As it turns out, half a yard of fabric isn’t really enough to make anything even semi-wearable. I kind of knew this at the time, but I let the unduly frugal part of my anima take over during the transaction, and ended up with enough fabric to make my envisioned infinity scarf only if I cut four small pieces of fabric, instead of two large pieces, and sewed an extra seam up the side.

No problem! The result was actually better than my original plan – instead of having a scarf with one pattern on the outside and another on the inside, each side is reversible, which displays nicely because both patterns can be seen equally from each side.

This reversible infinity scarf pattern will take about an hour to make, beginning to end. You know when you buy a Simplicity pattern and it says it will only take an hour, and six hours later all you have is half a semi-lined bodice and your apartment looks like a Malaysian garment factory?

Not this time. This tutorial will take an actual hour to complete, as in sixty minutes, and should result in minimal frustration. Here we go!


  • 1/2 yard each of fabric A and B
  • Needle and thread

Cut two 11″ x 26″ rectangles of each fabric (four rectangles total).


With right sides together, sew each fabric A piece to a fabric B piece along one of the short edges. You will now have two long fabric rectangles.


With right sides together, sew the two pieces together along each long edge, leaving the short edges open. You will now have one continuous tube of fabric.


Pin the two short edges together, matching upper and lower seams. Sew in a continuous circle, leaving a 2″ gap. Pull the entire scarf through the gap and press. Slip stitch the gap closed.


Butterick 4720



Pattern Description: 1960s Misses’ Culotte. Concealed culotte darted into waistband has front and back overskirt with patch pocket.

Pattern Sizing: Waist 25 1/2″; Hip 36″


Did it look like the photo/drawing on the pattern envelope once you were done sewing with it? Yes.

Were the instructions easy to follow? So easy.

What did you particularly like or dislike about the pattern? Well, it’s a culotte pattern, so everything about it was inherently awesome.

Fabric Used: Super soft and drapey cotton suiting fabric.

Pattern alterations or any design changes you made: None, other than I used a contrast fabric for the shorts.

Would you sew it again? Yes. It is totally time for culottes to make a comeback, and I plan on spearheading the movement.

Would you recommend it to others? Definitely!

Consider the culotte. Versatile, urbane, and an exceedingly stylish nod to the knee breeches-wearing upperclassmen of the fifteenth century. Why aren’t these things still in style? Why did they ever go out of style? Can someone please explain this to me?

Culottes are decisively awesome. They are simultaneously shorts and a skirt! Check this out!:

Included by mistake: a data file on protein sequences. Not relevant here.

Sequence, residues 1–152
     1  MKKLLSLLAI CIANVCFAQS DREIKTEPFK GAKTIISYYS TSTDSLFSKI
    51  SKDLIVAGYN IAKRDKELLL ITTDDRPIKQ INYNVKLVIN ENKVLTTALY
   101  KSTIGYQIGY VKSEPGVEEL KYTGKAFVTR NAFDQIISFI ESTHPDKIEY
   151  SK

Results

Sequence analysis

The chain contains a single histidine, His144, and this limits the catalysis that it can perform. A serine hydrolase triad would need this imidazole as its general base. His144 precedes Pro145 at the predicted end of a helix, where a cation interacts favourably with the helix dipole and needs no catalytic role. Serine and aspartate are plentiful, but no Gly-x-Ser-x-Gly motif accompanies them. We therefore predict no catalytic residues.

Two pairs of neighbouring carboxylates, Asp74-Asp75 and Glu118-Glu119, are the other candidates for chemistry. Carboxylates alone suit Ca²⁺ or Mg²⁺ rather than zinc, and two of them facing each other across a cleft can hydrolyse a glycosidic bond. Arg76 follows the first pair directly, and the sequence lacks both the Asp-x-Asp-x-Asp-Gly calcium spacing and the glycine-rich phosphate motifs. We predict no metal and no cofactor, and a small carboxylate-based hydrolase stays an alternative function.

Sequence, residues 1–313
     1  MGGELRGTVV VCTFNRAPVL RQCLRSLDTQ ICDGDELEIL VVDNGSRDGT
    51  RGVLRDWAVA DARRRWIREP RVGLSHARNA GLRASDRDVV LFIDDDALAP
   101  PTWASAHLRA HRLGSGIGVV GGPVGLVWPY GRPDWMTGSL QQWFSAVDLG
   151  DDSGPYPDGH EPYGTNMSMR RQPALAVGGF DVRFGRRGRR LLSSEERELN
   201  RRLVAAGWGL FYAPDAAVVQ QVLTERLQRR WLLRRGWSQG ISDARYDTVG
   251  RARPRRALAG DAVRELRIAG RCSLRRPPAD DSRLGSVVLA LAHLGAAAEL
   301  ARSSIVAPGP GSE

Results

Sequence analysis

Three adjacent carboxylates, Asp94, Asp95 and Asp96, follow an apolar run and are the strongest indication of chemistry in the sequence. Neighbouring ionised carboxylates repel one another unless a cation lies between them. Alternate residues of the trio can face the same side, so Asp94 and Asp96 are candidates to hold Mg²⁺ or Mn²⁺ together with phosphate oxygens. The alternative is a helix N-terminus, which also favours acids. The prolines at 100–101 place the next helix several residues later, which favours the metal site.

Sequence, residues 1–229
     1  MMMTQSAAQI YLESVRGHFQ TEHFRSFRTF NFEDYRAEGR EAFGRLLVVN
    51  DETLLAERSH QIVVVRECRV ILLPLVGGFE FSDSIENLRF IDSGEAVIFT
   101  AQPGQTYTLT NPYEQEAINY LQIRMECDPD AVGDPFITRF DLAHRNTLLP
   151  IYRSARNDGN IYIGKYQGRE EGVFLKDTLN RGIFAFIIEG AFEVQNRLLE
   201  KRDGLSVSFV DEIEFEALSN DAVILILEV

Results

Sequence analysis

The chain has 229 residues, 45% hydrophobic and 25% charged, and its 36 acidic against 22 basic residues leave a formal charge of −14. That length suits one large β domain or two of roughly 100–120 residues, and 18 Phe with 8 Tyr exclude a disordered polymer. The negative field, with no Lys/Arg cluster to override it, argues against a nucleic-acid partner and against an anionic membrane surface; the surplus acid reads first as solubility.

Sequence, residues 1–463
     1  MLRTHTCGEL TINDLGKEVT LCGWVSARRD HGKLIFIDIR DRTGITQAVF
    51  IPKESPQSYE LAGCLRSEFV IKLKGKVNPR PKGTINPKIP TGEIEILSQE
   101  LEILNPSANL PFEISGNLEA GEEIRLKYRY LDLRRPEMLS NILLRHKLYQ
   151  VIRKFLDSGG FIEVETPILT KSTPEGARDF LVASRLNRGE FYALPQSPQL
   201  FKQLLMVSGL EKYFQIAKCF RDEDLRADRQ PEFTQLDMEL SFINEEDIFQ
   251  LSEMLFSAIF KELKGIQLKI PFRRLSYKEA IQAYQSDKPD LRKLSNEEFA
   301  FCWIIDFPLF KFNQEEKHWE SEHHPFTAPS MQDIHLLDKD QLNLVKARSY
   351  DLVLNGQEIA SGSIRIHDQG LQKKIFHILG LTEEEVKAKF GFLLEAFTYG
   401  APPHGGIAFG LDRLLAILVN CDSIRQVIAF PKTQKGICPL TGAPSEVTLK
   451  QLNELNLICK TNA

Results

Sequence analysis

Right? If you hadn’t already guessed, I’m super excited about these culottes. My momma bought me this lovely vintage Butterick pattern for Christmas, and I’m so so happy with the results. I plan on making a summer pair out of something light and flowy very soon, because culottes need to happen all year ’round.


I’m also really excited about my new cat Francis! He is the sweetest boy in the whole world and a soon-to-be cat bow tie recipient. Or… oh my god. Cat culottes. Yes. This needs to happen!

McCall’s M6035


McCall's M6035

Pattern Description: Misses’ shirt with princess seams and button closure.

Pattern Sizing: I cut a size 10, and the fit was true to size.

Did it look like the photo/drawing on the pattern envelope once you were done sewing with it? Yes.

Were the instructions easy to follow? Very easy!

What did you particularly like or dislike about the pattern? I really liked the cuffed sleeve! I’ve never made this kind of sleeve before and I think it turned out really well. The cuff folds over the sleeve seam on the inside, hiding the seams and giving it a very clean, professional look. I also liked how the button band is self-lined, rather than interfaced.

Fabric Used: Both shirts are made from woven cotton; the striped shirt is a heavier stretch cotton.

Pattern alterations or any design changes you made: I made the yellow floral shirt first. The fabric is light and drapes nicely, and fit without any alteration. The striped version uses heavier fabric that clings to the body a bit more. I ended up having to take in the princess seams and back side seams to make it more fitted. I also used contrast fabric for the striped shirt! I had to alter the pattern so the button band was cut from the contrast fabric and attached separately.

Would you sew it again? Yes! I’ve sewn this shirt twice so far, and have plans for a third design.

Would you recommend it to others? Yes.

I made both shirts for Shelly. Doesn’t she look lovely?!